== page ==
Jonah Geier loves playing computer games, collecting bottle caps and watching the news — but his interests don't end there. Although he has cerebral palsy, a disease that immobilizes his limbs, he has been on more hikes than most 20-year-old boys.
Jonah’s love for the outdoors was instilled long before he was born.
His parents, James Geier and Carla Zambreno, moved from Chicago to Logan to study natural resources at Utah State.
The couple found a passion in Utah’s terrain, so they decided to settle near their alma mater.
“We’ve always been hikers, so when we had our children, we took them [on hikes] from infancy,” Zambreno said.
Geier and Zambreno raised their older two children to love the outdoors, so when Jonah came along, they did the same.
Zambreno carried Jonah until his feet reached her knees and then asked her husband to take over. When his 17-year-old, 70-pound body became too difficult for his dad to hold, they sought another option.
Their solution came in the form of a website that a friend referred them to.
The product they hoped for Jonah to use was a roller pack, designed like a Native American travois, that outdoorsmen normally use to pack their gear.
The designer of the roller pack willingly customized the carrier for Jonah, equipping it with a spring seat system, footplates and a seat belt.
“It works perfectly,” Zambreno said.
The first time Jonah tried the roller pack in 2012, his sister Laura took a picture that brought national attention to the family.
Laura Geier had recently seen an advertisement for a “Share the Experience” photo contest sponsored by the federal lands. The contest called for a photo taken at any federal agency, national park or Bureau of Land Management site.
Laura submitted a photo of her father pulling Jonah up to Delicate Arch with the caption: "Perseverance. Shared by both the Arch in withstanding time and change, and the resolve of a father to hike his disabled son to the Arch to experience the incredible symbol of natural beauty and strength. Retired Law Enforcement Officer James Geier hiked his 18-year-old son Jonah Geier three miles, and 480 feet over slick-rock trails, and up red rock steps to share with Jonah a worldwide symbol of strength and endurance. Neither Geier nor Arch is deterred by challenges."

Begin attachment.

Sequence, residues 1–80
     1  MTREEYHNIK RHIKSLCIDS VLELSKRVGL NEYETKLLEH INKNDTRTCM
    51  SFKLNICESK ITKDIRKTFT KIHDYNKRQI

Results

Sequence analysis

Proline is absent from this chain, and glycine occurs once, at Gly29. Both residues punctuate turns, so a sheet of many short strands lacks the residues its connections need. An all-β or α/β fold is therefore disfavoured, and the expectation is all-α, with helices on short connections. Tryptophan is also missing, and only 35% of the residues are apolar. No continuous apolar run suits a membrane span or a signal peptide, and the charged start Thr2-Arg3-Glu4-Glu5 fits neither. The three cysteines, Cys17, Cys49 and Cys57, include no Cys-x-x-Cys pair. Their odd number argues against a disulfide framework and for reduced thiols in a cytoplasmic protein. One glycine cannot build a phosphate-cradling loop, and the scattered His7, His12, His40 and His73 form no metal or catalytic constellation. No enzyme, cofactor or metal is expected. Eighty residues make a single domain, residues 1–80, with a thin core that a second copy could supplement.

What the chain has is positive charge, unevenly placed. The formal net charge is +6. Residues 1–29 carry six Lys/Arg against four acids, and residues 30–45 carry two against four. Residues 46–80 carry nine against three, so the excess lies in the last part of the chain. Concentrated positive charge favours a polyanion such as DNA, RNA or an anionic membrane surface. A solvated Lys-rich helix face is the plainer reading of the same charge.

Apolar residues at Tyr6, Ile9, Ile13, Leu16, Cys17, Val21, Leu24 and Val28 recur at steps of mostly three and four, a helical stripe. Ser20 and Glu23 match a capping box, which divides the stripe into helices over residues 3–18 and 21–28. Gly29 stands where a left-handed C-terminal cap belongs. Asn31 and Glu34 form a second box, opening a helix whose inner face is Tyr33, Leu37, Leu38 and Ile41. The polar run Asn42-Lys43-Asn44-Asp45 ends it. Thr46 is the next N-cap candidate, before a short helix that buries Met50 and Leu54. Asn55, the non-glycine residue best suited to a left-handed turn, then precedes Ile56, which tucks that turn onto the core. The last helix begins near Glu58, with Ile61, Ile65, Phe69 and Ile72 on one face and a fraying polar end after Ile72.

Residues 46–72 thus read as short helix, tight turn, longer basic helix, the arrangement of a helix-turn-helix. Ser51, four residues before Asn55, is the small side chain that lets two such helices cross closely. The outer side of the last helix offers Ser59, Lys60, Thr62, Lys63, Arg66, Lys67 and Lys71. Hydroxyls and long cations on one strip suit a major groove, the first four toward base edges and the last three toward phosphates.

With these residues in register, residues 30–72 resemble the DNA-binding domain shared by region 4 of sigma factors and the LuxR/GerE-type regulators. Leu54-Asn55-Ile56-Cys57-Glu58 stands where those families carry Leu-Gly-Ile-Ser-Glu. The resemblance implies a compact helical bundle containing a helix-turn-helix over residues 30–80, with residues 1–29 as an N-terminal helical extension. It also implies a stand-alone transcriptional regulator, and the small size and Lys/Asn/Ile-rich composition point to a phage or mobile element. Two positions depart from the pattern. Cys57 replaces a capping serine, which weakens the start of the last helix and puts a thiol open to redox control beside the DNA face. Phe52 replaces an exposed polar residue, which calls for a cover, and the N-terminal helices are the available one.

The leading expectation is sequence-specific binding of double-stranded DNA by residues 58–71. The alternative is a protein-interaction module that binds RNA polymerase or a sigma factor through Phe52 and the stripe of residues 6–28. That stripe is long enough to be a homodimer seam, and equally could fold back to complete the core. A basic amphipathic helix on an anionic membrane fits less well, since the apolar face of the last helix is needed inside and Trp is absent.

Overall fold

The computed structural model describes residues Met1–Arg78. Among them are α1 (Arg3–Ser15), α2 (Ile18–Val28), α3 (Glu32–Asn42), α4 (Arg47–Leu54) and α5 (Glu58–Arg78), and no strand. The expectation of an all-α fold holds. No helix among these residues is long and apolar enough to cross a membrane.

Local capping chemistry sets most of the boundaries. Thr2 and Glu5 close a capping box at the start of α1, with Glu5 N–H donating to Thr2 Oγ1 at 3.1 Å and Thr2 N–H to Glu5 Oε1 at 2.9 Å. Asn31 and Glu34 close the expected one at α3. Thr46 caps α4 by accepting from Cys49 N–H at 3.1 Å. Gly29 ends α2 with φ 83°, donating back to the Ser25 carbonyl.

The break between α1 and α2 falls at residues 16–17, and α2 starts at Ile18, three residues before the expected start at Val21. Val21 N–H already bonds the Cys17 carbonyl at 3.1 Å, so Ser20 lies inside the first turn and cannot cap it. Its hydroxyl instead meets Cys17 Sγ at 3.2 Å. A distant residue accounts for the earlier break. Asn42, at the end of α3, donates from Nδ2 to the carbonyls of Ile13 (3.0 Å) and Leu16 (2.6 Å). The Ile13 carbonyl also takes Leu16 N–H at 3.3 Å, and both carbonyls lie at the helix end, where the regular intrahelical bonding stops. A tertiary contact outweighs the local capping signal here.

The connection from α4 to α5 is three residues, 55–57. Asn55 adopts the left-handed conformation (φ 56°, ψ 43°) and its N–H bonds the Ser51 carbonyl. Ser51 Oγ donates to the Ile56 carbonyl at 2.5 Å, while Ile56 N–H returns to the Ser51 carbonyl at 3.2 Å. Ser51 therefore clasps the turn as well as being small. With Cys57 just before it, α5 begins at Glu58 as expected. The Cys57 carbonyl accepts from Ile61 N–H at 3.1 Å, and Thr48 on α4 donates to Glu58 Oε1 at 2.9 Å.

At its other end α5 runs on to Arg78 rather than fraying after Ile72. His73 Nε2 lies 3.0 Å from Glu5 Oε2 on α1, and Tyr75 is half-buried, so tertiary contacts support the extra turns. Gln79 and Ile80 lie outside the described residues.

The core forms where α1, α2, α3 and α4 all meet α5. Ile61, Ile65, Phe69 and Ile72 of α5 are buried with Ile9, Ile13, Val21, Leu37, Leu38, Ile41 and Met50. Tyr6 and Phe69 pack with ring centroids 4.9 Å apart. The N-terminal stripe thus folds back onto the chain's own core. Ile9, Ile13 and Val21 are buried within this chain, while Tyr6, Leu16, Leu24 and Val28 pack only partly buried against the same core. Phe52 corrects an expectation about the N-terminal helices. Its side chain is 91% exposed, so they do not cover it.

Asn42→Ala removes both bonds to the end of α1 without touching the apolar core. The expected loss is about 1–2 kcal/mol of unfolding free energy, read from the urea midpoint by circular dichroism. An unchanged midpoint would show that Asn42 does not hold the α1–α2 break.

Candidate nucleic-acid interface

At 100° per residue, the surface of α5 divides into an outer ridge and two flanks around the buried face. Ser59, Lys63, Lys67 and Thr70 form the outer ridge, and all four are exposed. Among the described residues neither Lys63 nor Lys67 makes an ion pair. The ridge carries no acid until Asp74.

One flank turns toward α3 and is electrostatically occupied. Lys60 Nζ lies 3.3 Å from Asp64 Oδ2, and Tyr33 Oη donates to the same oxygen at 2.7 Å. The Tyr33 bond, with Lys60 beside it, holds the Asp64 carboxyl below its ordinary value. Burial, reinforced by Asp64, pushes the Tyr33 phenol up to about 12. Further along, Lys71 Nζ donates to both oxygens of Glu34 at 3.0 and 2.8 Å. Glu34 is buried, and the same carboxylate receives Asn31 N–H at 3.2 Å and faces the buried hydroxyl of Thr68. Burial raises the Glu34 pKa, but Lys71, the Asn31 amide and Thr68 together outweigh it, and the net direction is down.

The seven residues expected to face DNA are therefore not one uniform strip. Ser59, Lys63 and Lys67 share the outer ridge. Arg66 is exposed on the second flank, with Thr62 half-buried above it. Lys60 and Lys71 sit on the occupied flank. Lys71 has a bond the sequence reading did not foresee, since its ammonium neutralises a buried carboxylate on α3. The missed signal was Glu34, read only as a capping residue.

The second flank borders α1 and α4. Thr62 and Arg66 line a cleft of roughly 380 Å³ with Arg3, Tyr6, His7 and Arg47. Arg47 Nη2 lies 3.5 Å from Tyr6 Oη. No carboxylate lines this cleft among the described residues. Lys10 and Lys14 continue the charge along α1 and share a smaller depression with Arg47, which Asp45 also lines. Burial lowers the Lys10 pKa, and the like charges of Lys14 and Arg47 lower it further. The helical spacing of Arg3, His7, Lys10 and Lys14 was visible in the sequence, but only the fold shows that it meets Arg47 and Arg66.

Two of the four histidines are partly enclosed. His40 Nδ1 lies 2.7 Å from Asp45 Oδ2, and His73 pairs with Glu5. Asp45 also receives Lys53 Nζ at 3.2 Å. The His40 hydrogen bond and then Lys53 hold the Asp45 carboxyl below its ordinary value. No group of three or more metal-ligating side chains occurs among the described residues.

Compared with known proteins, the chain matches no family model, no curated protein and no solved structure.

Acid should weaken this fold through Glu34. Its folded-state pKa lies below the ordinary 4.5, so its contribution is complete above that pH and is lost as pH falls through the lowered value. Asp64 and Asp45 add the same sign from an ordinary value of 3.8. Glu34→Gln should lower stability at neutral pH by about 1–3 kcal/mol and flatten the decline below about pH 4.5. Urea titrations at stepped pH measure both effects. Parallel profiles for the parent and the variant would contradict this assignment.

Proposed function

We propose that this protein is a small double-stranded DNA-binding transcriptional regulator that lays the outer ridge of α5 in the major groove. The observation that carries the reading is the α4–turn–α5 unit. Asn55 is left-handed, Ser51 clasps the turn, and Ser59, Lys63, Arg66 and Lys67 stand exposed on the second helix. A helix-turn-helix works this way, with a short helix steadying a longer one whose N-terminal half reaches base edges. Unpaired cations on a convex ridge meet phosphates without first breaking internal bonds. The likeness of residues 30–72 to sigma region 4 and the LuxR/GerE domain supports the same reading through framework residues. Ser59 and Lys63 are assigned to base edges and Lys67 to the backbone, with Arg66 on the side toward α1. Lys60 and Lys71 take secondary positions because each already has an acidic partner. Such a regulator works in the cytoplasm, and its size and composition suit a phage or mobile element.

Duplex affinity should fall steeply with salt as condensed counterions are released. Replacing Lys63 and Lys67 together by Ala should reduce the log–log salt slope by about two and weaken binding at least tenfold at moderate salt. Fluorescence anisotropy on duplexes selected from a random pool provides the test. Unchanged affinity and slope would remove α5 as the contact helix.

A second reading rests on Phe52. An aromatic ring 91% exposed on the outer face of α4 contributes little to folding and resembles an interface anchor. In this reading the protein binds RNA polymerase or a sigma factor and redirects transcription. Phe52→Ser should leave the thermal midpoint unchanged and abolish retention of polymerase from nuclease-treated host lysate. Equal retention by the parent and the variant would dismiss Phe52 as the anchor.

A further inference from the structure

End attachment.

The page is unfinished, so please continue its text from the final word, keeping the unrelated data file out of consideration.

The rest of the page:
At the end of the contest, Laura’s photo of Jonah and James at Delicate Arch received an honorable mention under the category “fan favorites,” and made it into the top 10 photos chosen from more than 21,000.
The Geiers’ photo appeared on many federal land websites and different magazines in the last two years, and, recently, the family was brought back into the limelight.
The U.S. Department of Interior posted the picture on its Instagram account on Father’s Day, and the post received more than 10,000 likes, quickly reaching a national audience.
The photo on the Web is inspirational, but it’s just one representation of how Jonah inspires people.
“People are naturally drawn to him,” Zambreno said. “People see something that emanates from him, and he’s approachable because he’s got a nice smile.”
Zambreno said they’ve received wonderful support from members of their community and Catholic congregation.
“They make us feel like he’s one of us, and there’s a lot of equality,” Zambreno said. “Our priest likes coming over here because he likes spending time with Jonah.”
Jonah’s life comes with many medical struggles, but they haven’t stopped him from graduating from high school, working at the community library and mastering his iPad.
He also pays special attention to detail.
“Jonah loves the little things,” Zambreno said. “He’ll see a flower bouncing in the wind or a waterfall and he points and giggles.”
The Geier family loves doing everything outside during the summer months, including camping in the desert, hiking red rocks and visiting national parks.
And although snow is an integral part of Utah winters, the Geiers don’t let it stop them from spending time outdoors.
Instead, they take time to cross-country ski and soak in natural hot springs.
When each of their kids were young, they’d put them in a ski sled, which is a harness system that connected to their parents’ waists.
“When Jonah got old enough, he’d ski around with us,” Zambreno said. “We don’t even have to ski, we’ll also hike on snowmobile trails.”
Zabreno said the hot springs are their favorite winter activity because the water is good for Jonah’s muscle spasms.
“The outdoors is therapeutic,” Zambreno said. “I think the whole aspect of reviving yourself in the outdoors is spiritual.”
Megan Marsden Christensen writes for the Faith and Family sections. She recently graduated from BYU-Idaho with a bachelor's degree in communication.
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